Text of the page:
We’ve discussed ways to mix science fiction and romance many times here and at other SFR blogs, but with each new release in this subgenre comes the possibility of seeing the SF-romance combination in a new way. It’s an ever-evolving conversation, and a recent author guest post prompted me to reflect on the issue again.
Via the RT Book Reviews blog comes a post by author Karen Lord: On the Boundaries of Science Fiction and Romance. Here’s the introduction, which I’m sharing for a specific reason:
Karen Lord's The Best of All Possible Worlds won RT's Seal of Excellence as the best book of the month, and is the first adult science fiction title to earn the award. One thing RT editors love about the book is that it is the perfect balance of hard sci fi and a sweet, slow-building romance, a combination many readers that exclusively enjoy either the science fiction or romance genres shy away from. Today the author shares how she made this genre combo work for her latest novel, and why she loves it.Two passages bookmark the article and they jumped out at me:
Is it romance? Is it science fiction? Is it hard science fiction? Can we call it literary or is it merely recycled genre tripe? I try not to concern myself with boxes, boundaries and definitions…
…The Best of All Possible Worlds may not resemble the usual romance or science fiction novel. I am often surprised by what I end up writing, and glad that I can overturn my own expectations. Perhaps it is romance, and science-fiction, and literary, and fantastical and everything that I intended and also what I did not intend. I hope that it creates its own comfort zone regardless of whatever category or classification it is given.I agree that some of us in fandom occasionally get a bit obsessed with marketing labels and genre classifications, but on the other hand I couldn’t help but wonder if Ms. Lord was distancing herself from the SFR aspect of her story. And if so, why?
As a reader I like it very much when authors concern themselves with labels and tags (both in conjunction with and independent of the marketing machine) because that’s how I know to seek out their books. The tags provided by RT—“balance of hard sci fi and a sweet, slow-building romance”— are fantastically specific.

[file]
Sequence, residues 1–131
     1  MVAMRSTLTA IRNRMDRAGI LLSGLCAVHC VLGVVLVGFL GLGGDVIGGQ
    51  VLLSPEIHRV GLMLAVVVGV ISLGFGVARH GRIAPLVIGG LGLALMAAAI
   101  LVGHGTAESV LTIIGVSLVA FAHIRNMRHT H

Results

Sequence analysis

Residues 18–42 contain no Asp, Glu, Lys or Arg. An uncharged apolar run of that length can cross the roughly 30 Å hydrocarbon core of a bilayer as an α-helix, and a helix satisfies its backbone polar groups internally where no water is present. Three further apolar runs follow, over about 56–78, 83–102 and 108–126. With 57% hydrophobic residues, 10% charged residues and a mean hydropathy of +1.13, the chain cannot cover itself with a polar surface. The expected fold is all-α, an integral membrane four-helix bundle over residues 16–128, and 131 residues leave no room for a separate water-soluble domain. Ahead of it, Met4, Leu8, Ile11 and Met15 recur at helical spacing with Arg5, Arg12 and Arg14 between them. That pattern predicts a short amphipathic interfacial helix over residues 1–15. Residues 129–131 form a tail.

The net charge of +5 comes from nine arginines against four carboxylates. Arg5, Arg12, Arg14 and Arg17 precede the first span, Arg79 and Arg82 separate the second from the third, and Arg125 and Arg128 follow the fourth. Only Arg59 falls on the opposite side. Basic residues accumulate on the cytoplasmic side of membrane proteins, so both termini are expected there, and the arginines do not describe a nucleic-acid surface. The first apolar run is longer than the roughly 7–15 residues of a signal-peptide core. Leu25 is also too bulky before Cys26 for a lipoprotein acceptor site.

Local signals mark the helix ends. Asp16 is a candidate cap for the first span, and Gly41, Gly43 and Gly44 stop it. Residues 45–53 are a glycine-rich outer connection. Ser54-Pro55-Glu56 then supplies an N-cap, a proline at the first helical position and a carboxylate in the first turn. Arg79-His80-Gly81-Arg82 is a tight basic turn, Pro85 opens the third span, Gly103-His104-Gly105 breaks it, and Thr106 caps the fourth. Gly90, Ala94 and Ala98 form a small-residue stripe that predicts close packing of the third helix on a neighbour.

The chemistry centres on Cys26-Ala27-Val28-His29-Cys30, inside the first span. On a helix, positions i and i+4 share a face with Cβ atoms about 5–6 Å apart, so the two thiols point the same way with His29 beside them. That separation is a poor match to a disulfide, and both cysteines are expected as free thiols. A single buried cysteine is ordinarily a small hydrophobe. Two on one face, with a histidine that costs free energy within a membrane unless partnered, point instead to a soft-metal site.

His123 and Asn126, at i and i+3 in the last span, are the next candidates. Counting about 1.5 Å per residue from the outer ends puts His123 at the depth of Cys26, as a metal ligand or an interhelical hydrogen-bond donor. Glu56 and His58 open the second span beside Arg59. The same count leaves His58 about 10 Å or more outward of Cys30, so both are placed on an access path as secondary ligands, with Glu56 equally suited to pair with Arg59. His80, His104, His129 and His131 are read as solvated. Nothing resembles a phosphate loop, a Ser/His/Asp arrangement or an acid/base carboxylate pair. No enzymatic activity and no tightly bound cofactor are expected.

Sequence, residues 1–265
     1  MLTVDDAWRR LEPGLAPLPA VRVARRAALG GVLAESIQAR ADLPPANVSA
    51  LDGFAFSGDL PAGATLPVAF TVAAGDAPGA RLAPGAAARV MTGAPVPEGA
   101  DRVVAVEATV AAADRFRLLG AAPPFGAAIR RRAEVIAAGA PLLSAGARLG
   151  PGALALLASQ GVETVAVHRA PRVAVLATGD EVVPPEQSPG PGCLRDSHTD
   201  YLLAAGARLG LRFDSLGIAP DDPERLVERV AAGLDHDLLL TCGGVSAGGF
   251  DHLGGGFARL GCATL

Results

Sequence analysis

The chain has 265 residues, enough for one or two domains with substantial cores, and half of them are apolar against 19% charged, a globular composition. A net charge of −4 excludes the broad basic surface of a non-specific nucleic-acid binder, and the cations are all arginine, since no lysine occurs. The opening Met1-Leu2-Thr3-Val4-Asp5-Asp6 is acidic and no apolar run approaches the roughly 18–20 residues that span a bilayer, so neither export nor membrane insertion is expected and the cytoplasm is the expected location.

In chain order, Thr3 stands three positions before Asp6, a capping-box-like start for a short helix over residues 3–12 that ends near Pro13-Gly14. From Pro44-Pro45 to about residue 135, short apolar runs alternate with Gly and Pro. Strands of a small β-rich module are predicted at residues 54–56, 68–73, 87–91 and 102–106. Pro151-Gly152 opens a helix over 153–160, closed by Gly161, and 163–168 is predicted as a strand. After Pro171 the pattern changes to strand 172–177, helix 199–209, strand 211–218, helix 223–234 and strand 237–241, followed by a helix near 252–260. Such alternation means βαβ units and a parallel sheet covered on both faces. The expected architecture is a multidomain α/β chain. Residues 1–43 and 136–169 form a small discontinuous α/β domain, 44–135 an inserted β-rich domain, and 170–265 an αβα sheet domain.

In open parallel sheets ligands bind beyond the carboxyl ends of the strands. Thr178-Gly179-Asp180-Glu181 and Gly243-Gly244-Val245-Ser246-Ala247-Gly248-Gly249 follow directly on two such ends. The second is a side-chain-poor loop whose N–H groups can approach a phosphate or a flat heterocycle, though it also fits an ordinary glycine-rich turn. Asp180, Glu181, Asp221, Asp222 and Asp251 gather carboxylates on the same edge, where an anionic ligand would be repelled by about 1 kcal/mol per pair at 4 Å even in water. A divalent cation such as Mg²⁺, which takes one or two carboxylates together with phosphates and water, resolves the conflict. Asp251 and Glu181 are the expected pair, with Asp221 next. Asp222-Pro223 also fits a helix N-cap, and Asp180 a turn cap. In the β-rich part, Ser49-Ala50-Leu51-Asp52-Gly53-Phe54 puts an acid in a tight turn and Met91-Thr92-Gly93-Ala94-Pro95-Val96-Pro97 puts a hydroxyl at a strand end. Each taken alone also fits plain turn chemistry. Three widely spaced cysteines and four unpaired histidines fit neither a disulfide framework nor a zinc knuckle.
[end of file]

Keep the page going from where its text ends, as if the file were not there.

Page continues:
The intro promises that the author will share “how she made this genre combo work for her latest novel.” To successfully combine science fiction and romance, was the key to write a story that doesn’t “resemble the usual romance or science fiction novel”?
Beyond basic genre conventions, what exactly is the “usual romance or science fiction novel?”
The way I see it, storytelling possibilities vary astronomically in both romance and science fiction despite genre conventions. So if Ms. Lord is saying she took an off-the-beaten path or explored new ground in her story and is inviting readers to adjust their expectations accordingly, then great. But I do worry about the implication that there is something ineffective about the way other authors have approached romance and science fiction, and combinations thereof.
I’m curious to read this book and see how Karen Lord tackled the SF-romance combination. It’ll be interesting to see where THE BEST OF ALL POSSIBLE WORLDS falls in terms of other SFR books I’ve read.
What are your thoughts about her post?